Ever imagine what it would be like to ask Revolutionary War soldiers about their life and times? The Mount Independence State Historic Site in Orwell, Vermont, will bring to life the Revolutionary War at the site tomorrow Saturday, September 4, at 2:00 p.m. with the program, “An Investigation into the Revolutionary Mind: What Were You Thinking, Isaac Kendall and Benjamin McCool?”
Modern day historian and site interpreter Paul Andriscin will interview two soldiers so he and the audience can find out first hand from two American soldiers what happened 233 years ago at Mount Independence and during the Northern Campaign of the American Revolutionary War.
“Paul will interview two soldiers who were garrisoned on and helped build Mount Independence,” said to Elsa Gilbertson, Regional Historic Site Administrator for the Vermont Division for Historic Preservation. “He’ll ask them, ‘What were you thinking?’ as they served on Mount Independence and in other locations after the leaving the fort in 1777.”
“What was their work? What was their life like? What did they think about their officers and fellow soldiers?” Gilbertson said. “These re-enactors really help humanize these historical figures in a way that textbooks simply can’t.”
Isaac Kendall will be portrayed by Mike Austin, Castleton State College history professor and president of the Vermont Alliance for Social Studies. Benjamin McCool will be portrayed by Karl Crannell, Chimney Point State Historic Site interpreter.
The men will discuss what happened as British General John Burgoyne and his British troops advanced and the Americans abandoned Mount Independence and nearby Fort Ticonderoga.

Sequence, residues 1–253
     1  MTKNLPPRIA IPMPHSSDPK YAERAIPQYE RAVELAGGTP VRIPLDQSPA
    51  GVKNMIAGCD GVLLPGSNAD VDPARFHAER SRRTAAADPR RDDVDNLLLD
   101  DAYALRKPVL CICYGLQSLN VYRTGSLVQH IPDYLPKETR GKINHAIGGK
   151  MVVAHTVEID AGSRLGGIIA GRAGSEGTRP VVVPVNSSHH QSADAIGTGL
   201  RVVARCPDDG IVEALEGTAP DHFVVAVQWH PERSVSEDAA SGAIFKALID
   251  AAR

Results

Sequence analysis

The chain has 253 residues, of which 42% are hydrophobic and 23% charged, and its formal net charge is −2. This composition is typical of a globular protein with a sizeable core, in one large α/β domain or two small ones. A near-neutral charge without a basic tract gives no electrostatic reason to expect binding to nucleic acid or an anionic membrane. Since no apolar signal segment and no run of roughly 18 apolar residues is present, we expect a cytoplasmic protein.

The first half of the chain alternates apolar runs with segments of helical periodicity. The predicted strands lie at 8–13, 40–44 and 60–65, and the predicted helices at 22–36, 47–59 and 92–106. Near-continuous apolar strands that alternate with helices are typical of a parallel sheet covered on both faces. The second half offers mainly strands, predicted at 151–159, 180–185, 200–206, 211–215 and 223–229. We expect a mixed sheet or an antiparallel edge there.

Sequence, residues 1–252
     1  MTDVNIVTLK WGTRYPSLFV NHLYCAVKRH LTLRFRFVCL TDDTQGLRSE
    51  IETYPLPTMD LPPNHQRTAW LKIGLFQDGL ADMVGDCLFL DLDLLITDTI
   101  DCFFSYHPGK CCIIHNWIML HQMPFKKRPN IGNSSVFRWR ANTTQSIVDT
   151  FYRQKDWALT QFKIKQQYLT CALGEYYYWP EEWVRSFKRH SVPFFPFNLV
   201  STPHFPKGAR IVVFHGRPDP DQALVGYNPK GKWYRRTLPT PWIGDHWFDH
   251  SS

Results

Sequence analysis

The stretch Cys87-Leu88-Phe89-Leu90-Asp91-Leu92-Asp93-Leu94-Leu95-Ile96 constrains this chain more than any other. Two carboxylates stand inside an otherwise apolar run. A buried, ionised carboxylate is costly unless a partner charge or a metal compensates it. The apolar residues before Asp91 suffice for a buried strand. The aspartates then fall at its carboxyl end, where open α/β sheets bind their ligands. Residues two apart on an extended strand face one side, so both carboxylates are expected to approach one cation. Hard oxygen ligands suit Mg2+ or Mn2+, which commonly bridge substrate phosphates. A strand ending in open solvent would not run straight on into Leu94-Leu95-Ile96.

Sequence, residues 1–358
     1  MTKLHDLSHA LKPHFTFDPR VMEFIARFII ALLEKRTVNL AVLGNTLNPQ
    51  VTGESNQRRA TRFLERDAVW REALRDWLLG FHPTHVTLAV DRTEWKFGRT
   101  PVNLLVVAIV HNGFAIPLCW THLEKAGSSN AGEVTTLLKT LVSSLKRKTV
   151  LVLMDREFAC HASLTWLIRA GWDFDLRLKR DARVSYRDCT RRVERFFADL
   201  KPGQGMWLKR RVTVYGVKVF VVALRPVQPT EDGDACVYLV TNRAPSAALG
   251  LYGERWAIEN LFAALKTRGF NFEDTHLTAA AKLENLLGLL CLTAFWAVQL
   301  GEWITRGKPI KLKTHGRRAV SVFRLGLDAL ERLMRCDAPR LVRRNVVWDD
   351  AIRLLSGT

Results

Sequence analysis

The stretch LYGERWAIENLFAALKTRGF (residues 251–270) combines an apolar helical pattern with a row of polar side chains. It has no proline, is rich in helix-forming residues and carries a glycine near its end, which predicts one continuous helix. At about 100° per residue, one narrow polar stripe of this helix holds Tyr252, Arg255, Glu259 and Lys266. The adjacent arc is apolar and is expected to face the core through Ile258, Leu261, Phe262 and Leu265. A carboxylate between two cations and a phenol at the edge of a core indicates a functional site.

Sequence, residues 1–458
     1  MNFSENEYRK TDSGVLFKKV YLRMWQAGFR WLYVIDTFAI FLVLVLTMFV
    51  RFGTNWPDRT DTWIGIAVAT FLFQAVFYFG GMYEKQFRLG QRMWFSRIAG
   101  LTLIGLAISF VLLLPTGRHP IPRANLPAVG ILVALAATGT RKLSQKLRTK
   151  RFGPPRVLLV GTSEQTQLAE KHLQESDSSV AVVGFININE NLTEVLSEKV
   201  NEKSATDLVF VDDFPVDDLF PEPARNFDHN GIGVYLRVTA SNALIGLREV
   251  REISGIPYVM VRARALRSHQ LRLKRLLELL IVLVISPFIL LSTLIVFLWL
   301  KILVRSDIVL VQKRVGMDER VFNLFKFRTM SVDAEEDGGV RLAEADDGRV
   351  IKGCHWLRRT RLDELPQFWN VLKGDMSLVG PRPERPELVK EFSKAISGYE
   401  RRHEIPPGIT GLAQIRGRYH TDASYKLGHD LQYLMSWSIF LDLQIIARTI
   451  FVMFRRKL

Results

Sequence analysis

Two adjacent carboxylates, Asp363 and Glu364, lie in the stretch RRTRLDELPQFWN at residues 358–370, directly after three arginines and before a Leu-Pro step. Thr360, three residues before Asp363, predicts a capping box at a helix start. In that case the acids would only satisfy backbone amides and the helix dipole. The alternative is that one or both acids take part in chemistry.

On July 5, 1777, faced with a British force more than twice his size that had occupied a position from which they could bombard him with impunity, General Arthur St. Clair withdrew from the fortifications without firing a shot.
Though his actions helped preserve the army, Congress was outraged and censured St. Clair for the loss. He later argued that his conduct had been honorable; demanded review by a court martial; and was ultimately exonerated.
Admission is $5.00 for adults and free for children under 15, and includes visiting the museum and access to all the trails on the over 300-acre site.
The Mount Independence State Historic Site is one of the best-preserved Revolutionary War sites in America. It is located near the end of Mount Independence Road, six miles west of the intersections of Vermont Routes 22A and 73 near Orwell village; carefully follow the signs. Regular hours are 9:30 a.m. to 5:00 p.m. daily through October 12.
Call (802) 948-2000 for more information or visit: www.HistoricVermont.org/sites.
Photo: Karl Crannell, who will play Benjamin McCool.